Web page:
Rain Garden and Bioswale Design

Rain Garden and Bioswale Design

All-Terrain Consulting Ltd. excels at designing a visually appealing and functional rain garden for your property.

A rain garden is defined as a planted depression that allows rainwater run-off from impervious urban areas, like roofs, driveways, walkways, parking lots, and compacted lawn areas, the opportunity to be absorbed. This reduces rain runoff by allowing stormwater to soak into the ground (as opposed to flowing into storm drains and surface water which causes erosion, water pollution, flooding, and diminished groundwater). They can be designed for specific soils and climates. The purpose of a rain garden is to improve water quality in nearby bodies of water. Rain gardens can cut down on the amount of pollution reaching creeks and streams by up to 30%.

Native plants are recommended for rain gardens because they generally do not require fertilizer and are more tolerant of one’s local climate, soil, and water conditions, and attract local wildlife such as native birds. The plants take up excess water flowing into the rain garden. Water filters through soil layers before entering the groundwater system. Root systems enhance infiltration, maintain or even augment soil permeability, provide moisture redistribution, and sustain diverse microbial populations involved in biofiltration. Also, through the process of transpiration, rain garden plants return water vapor to the atmosphere. A more wide-ranging definition covers all the possible elements that can be used to capture, channel, divert, and make the most of the natural rain and snow that falls on a property. The whole garden can become a rain garden, and each component of the whole can become a small-scale rain garden in itself.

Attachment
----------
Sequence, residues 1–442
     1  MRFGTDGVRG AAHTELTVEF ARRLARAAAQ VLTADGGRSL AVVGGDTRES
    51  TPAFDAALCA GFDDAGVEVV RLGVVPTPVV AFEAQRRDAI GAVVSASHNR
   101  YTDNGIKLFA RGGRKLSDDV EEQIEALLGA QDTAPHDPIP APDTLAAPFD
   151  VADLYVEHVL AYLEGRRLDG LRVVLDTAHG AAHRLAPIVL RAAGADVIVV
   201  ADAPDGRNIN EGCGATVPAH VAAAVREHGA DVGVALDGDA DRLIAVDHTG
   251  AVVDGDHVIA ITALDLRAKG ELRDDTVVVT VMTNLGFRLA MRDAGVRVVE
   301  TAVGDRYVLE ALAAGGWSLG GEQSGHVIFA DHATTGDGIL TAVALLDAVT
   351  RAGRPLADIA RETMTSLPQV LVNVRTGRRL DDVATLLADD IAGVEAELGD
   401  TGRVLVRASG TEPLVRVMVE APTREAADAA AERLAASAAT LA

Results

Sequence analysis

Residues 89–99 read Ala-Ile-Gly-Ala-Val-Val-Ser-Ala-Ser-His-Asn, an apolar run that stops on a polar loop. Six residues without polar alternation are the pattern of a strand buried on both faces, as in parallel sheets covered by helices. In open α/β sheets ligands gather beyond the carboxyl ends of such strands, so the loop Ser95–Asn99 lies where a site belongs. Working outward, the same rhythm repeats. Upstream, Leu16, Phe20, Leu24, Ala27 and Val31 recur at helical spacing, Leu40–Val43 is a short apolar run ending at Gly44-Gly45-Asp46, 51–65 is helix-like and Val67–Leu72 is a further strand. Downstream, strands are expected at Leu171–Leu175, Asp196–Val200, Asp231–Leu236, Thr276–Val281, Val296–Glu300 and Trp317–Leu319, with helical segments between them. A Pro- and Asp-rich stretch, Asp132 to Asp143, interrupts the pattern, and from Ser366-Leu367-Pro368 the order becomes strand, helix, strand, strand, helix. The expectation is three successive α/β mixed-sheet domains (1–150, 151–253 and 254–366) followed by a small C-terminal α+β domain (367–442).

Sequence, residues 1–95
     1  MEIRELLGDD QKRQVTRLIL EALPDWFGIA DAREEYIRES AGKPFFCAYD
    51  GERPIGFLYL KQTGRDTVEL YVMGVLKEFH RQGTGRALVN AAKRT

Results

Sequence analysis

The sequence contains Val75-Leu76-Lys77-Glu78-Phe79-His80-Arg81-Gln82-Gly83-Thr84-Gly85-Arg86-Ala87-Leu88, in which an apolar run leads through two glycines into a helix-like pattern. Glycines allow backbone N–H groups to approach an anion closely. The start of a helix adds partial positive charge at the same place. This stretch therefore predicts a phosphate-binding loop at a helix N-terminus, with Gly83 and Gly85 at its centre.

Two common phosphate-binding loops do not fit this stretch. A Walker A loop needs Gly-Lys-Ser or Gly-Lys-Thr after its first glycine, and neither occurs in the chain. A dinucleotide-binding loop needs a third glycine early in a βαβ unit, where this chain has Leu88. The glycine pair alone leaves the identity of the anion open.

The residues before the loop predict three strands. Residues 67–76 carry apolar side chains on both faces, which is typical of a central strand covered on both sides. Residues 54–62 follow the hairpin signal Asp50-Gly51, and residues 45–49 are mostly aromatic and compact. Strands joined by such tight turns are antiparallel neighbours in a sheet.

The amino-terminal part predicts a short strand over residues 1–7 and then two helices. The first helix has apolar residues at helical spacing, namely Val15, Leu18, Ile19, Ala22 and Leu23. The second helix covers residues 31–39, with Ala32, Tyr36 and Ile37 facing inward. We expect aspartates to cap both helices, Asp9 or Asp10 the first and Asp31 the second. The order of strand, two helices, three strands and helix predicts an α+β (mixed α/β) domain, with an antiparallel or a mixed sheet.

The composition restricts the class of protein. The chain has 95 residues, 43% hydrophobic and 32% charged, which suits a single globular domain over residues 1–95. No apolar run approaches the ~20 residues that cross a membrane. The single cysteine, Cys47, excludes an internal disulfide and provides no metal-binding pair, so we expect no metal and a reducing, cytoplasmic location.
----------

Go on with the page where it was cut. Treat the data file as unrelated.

All-Terrain Consulting Ltd. can also incorporate bioswales into the design of larger properties or parking areas to treat water run-off prior to it entering into the environment.

Bioswales are defined as being landscape elements designed to remove silt and pollution from surface run-off water. They consist of a swaled drainage with gently sloped sides (less than six percent) and filled with vegetation, compost, and/or riprap. The water's flow path, along with the wide and shallow ditch, is designed to maximize the time water spends in the swale, which aids the trapping of pollutants and silt. Depending upon the amount of land available, a bioswale may have a meandering or almost straight channel alignment. Biological factors also contribute to the breakdown of certain pollutants.

A common application is around parking lots, where substantial vehicle pollution is collected by the asphalt and then flushed down the catch basins by rain. The bioswale, or other type of biofilter, wraps around the parking lot and treats the runoff before releasing it to the environment or storm sewer.

Please call All-Terrain Consulting Ltd. for more information at (778) 230-4174.